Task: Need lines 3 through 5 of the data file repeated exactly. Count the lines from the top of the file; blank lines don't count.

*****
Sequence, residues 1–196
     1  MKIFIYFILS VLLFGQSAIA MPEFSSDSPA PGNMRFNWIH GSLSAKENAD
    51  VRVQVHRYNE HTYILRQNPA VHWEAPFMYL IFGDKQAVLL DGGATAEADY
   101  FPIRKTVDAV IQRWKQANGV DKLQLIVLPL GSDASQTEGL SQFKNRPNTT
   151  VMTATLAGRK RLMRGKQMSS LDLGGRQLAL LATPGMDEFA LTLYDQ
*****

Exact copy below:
    51  VRVQVHRYNE HTYILRQNPA VHWEAPFMYL IFGDKQAVLL DGGATAEADY
   101  FPIRKTVDAV IQRWKQANGV DKLQLIVLPL GSDASQTEGL SQFKNRPNTT
   151  VMTATLAGRK RLMRGKQMSS LDLGGRQLAL LATPGMDEFA LTLYDQ